The entrepreneur in Zambia is not applauded, despite the fact that in our economic climate, it might be the only way to go, it’s certainly not easy to get a job!

 Though with some of the young people out there, who think it is easy to get a job, maybe this is why being an entrepreneur is not such a big deal.  I have had two young people work with us recently, who frustrated me no end – it’s amazing how kids today can say they want to be the best of the best and then not actually do the work or learning to make them the best of the best.  Anyway, there was a real disconnect, as if they were doing us a favour by working here!  In fact one who left recently was totally chuffed that they were going to work as a PA for a start up they know nothing about!  It was like being here was a holiday, and now they suddenly have a real job.  I shrugged my shoulders, thinking was I really than vacuous at 21?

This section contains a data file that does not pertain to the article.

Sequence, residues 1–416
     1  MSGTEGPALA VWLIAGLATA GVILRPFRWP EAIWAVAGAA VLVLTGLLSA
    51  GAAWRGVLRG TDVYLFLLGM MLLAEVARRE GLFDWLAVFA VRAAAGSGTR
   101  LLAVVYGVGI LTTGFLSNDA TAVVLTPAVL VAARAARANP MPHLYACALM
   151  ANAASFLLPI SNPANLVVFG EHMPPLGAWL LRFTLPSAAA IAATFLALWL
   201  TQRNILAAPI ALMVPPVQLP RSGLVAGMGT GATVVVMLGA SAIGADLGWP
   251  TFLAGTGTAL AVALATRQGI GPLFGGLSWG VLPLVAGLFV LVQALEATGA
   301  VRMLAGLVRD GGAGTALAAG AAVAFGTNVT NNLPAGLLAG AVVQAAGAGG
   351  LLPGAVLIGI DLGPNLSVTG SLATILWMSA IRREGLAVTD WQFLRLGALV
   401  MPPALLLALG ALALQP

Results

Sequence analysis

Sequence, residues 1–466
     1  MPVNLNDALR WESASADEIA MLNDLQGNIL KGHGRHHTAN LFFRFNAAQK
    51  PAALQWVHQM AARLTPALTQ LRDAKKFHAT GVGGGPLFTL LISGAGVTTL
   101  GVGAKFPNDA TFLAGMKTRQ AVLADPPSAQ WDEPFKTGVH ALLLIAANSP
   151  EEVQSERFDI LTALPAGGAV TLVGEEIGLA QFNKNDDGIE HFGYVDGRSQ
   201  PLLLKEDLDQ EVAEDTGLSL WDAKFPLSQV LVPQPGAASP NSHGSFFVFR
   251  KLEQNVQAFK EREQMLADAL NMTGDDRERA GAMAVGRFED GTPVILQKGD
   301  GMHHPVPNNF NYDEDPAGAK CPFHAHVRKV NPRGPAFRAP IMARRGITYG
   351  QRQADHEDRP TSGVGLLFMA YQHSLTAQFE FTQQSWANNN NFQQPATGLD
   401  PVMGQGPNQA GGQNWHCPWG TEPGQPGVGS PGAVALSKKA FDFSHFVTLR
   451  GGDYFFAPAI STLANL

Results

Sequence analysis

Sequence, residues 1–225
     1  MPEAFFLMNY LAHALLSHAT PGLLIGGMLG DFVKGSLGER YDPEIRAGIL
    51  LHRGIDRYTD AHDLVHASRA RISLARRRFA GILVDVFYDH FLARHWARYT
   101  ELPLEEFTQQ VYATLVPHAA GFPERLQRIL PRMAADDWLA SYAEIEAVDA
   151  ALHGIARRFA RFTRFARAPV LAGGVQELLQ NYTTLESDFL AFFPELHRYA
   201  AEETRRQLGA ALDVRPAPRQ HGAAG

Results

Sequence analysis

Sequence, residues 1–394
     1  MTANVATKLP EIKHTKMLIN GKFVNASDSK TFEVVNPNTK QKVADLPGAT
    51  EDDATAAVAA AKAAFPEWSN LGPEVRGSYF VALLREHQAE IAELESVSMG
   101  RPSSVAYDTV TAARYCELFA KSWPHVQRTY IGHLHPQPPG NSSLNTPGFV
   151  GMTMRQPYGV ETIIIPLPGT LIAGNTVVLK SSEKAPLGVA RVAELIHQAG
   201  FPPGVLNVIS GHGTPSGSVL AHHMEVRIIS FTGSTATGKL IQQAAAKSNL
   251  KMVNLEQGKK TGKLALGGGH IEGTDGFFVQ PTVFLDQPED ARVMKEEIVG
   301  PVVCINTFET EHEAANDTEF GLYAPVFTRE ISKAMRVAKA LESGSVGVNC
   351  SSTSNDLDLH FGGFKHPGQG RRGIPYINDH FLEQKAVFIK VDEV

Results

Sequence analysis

Don’t get me wrong, by no means do I believe that we’re the best of the best (yet), or the number one choice place to work (yet), or the super successful, trail blazing business (yet), but hey, I do know potential when I see it!  And I think for some businesses maybe those type of workshops are necessary and important for them, they’re just not for the type of business I want to be.

 Ok perhaps if they asked me to speak at the event I would have gone 🙂  Seriously though, I think when you set out to run your own business, you have to know what you’re in it for, and there are lots of reasons to run your own business that aren’t based on profits alone, but at the end of the day, you have to ask yourself, if your business isn’t making a profit, and it can’t sustain your needs, then why have the business?

Entrepreneurship is not for everyone.  It’s hard, it’s long hours, it’s emotionally draining and there is so much failure involved.  But it’s also fun, rewarding, and life affirming!  I just wish that people in Zambia would regard it as a serious endeavor instead of some new craze.

 Oh dear, am I beginning to sound just a little bit too angry?!